The town of Menfi is situated near the coast of south-east Sicily between Selinunte and Sciacca. Menfi has developed to have a tourist industry based on the seaside, such as the beaches of Porto Palo, Capparrina and Lido di Porto Palo, which have beaches with very clean sea and facilities for visitors.
Menfi suffered substantial damage to its monuments during an earthquake in 1968.
Away from the beach be sure to also visit Menfi itself - the town developed over an extended period of time but has kept the layout of the original feudal settlement. The main focus in the town is the Piazza Vittorio Emanuele III, reached along Corso Garibaldi and where the rebuilt Cathedral Church stands, dating from the 18th century but destroyed by an earthquake in 1968, and the old Town Hall.
The most significant monument in the city was once the Castle of Burgimilluso in the Old Town, erected to protect the medieval village, and the castle originally consisted of two square towers side by side.
Today unfortunately only one tower remains, with four floors of an irregular shape and a height of about 18 meters, formed of two rectangular buildings. The earthquake of 1968 destroyed the tower, that was was rebuilt, partly reusing the ruins.
The castle was originally a kind of "hunting lodge", a fortified building but with the main purpose of providing support to game-shooting expeditions.
Among the civil buildings in Menfi the Palazzo Pignatelli is worthy of a visit. This building has two floors with twelve rooms and a barrel vault and was built by Diego Aragona Tagliavia.
The main entrance through a wide doorway in the square reaches a large courtyard, and from here you reach the first floor via an impressive marble staircase that leads to the gallery above. On the ground floor of the Baron's Palace you can visit the excavations to get an understanding of the history of the area.
There are also many religious buildings in Menfi. Among the most important of these is the Mother Church, built around 1650 with three naves, partially destroyed by the earthquake of 1968, and now rebuilt by Vittorio Gregotti (born 1927).
Inside the church are some remnants of the old church and also some fine works of art such as a 17th century wooden statue of St. Anthony of Padua (to whom the church is dedicated); a group of sculptures of the “Virgin of the Rosary with Saints Catherine and Dominic”, also 17th century; some 18th century paintings by “Fra Felice da Sambuca” (Gioacchino Viscosi, 1734-1805), wooden sculptures by Girolamo Bagnasco (1759-1832) and a 17th century wooden crucifix.
Also in Menfi it is intersting to visit the rocky Church of St. Margaret, dug in the tuff by Byzantine monks. The interior is divided into two spans by an arch, and it has a vault, two altars, and a series of 13th century frescoes.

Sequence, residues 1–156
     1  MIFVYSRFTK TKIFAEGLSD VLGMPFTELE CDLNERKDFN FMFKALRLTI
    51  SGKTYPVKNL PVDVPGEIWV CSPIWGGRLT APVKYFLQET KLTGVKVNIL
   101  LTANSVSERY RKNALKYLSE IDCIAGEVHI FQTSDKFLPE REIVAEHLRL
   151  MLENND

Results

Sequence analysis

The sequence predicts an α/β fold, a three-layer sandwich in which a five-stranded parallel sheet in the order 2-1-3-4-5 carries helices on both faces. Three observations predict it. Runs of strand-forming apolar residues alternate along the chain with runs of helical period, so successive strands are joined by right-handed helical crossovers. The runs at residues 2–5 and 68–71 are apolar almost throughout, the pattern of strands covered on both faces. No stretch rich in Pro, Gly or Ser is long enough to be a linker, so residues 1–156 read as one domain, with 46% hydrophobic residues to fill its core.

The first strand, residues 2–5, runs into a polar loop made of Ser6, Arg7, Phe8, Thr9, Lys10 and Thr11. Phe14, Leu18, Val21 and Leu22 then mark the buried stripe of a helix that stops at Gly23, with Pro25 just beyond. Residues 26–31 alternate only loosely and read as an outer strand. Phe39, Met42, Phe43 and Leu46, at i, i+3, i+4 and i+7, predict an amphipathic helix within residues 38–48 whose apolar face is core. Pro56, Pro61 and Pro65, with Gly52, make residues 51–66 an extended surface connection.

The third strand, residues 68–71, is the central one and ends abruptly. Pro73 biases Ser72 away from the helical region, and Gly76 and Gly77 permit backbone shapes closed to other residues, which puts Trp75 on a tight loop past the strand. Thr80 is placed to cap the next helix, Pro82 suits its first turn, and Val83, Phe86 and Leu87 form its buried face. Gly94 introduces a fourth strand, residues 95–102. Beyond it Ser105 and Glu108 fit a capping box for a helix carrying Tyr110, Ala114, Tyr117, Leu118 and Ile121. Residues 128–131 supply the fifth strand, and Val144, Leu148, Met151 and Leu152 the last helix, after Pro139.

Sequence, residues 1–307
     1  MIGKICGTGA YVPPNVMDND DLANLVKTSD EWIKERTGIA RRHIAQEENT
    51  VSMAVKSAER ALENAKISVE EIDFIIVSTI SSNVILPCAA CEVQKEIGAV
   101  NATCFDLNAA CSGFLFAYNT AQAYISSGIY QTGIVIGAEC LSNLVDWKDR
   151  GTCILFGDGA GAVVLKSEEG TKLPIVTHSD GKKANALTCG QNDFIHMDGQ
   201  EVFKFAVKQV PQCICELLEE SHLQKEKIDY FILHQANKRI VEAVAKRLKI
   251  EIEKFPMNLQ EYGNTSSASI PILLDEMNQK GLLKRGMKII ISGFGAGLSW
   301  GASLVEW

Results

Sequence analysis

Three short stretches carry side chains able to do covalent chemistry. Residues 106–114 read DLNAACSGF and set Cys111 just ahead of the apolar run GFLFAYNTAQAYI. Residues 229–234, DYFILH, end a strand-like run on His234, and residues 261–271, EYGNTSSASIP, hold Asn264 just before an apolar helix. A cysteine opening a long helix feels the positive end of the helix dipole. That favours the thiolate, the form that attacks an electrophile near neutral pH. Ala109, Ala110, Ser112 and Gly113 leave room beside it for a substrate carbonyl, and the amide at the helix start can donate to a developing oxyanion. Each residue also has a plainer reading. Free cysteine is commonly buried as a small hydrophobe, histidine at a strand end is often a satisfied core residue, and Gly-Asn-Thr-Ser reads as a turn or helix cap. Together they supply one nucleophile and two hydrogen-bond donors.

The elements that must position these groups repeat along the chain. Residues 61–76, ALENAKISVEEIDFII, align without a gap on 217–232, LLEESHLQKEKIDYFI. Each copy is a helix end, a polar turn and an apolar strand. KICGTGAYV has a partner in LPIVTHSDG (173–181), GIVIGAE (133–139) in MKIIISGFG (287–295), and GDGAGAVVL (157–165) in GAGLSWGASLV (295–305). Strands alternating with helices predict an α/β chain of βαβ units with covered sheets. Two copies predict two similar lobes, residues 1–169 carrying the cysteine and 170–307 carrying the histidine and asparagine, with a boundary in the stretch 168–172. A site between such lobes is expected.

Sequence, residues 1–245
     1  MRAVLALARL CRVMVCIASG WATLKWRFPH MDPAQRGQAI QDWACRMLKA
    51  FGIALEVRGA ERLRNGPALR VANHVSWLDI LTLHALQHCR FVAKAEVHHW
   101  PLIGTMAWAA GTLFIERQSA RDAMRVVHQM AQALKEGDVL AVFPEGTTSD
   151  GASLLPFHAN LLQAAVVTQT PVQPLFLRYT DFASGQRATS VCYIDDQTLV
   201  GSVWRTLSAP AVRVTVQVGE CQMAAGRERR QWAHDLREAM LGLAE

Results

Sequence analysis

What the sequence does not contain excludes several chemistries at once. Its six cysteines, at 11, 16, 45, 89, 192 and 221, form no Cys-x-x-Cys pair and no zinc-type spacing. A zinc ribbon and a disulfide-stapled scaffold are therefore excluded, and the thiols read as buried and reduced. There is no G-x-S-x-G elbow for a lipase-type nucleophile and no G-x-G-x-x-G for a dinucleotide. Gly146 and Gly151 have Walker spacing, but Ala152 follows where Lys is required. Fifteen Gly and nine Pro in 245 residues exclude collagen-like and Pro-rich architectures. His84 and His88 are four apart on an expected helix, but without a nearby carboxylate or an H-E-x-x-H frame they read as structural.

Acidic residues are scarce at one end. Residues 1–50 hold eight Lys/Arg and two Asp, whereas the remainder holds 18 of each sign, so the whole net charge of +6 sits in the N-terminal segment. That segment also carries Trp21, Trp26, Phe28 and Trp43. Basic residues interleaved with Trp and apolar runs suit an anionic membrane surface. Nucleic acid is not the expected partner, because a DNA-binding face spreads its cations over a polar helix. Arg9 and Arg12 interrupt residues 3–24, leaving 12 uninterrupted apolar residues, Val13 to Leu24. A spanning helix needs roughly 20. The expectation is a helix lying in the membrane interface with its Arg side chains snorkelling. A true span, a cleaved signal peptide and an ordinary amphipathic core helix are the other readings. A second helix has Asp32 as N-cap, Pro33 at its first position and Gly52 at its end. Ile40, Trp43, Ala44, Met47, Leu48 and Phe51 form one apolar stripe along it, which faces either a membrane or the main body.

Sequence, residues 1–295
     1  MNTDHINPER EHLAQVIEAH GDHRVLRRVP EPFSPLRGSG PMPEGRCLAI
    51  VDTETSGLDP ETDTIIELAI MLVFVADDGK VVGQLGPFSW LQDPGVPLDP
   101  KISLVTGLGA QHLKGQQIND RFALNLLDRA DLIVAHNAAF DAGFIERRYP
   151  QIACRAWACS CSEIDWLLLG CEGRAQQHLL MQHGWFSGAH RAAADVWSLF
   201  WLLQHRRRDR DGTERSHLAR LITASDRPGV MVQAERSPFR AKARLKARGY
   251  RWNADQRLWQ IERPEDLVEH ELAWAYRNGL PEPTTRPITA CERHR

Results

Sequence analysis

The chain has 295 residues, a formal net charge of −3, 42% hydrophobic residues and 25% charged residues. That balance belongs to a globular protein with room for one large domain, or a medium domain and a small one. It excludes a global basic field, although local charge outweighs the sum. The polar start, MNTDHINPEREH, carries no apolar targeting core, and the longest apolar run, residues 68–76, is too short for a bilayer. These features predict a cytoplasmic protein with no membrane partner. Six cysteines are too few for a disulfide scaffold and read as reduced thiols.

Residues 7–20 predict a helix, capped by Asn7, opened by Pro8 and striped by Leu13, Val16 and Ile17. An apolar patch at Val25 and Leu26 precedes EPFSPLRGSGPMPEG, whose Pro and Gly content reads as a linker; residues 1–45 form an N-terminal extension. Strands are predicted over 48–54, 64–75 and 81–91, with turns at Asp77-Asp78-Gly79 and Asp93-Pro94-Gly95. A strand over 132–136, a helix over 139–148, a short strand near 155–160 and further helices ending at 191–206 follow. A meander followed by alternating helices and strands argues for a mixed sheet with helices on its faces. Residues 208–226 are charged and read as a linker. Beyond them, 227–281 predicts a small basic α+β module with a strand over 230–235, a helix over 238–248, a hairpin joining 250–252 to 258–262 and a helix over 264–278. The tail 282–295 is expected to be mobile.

The main altar in the apse has a fresco of “Santa Margherita”, while in the two side sections there are scenes from the life and martyrdom of St. Margaret, St. Peter and St. Paul, and in the middle of the vault there is 'Christ Pantocrator'.
In recent years there have been interesting archaeological excavations near Menfi, especially in "Montagnoli di Belice” where the remains of several huts were discovered. These important studies were carried out by by Giuseppe Castellana, allowing the town to redefine its territory, in terms of both culture and tourism.
Castellana writes that "[...] the territory of Menfi...has brought to light a new hut of rectangular shape...and a votive grave with the presence of animal bones...going back to the 8th century BC...the hut can not be regarded as a mere dwelling, it seems to be intended for political and cult ceremonies that we are not able to specify. This hut suffered a violent destruction around the mid-7th century BC [...]"
(See G. Castellana, “Nuovi dati sull'Insediamento di Montagnoli presso Menfi”, In “Terze giornate internazionali di studi sull'area elima”, Atti, I, 2000, pp. 263-271).
Apart from tourism, wine production is also an important economic activity at Menfi and is connected to a series of local festivals that are related to the ancient Sicanian city of “Inycon". These festivals have given a great impetus to the nature and heritage tourism of Menfi.
The position of the ancient site of Inycon is disputable, however a local legend claims that Menfi is located where Inycon once stood. Inycon was famous in ancient times because of its wine.
In addition to the prestigious local wines, Menfi has an impressive culinary heritage which reflects the traditions of the ancient rulers, and that can be found in dishes like cous cous, sorbet, marzipan, candied fruit and honey. Among the local dishes you could try the sauce with sardines, pine nuts, raisins and saffron, the rice balls, swordfish and bluefish.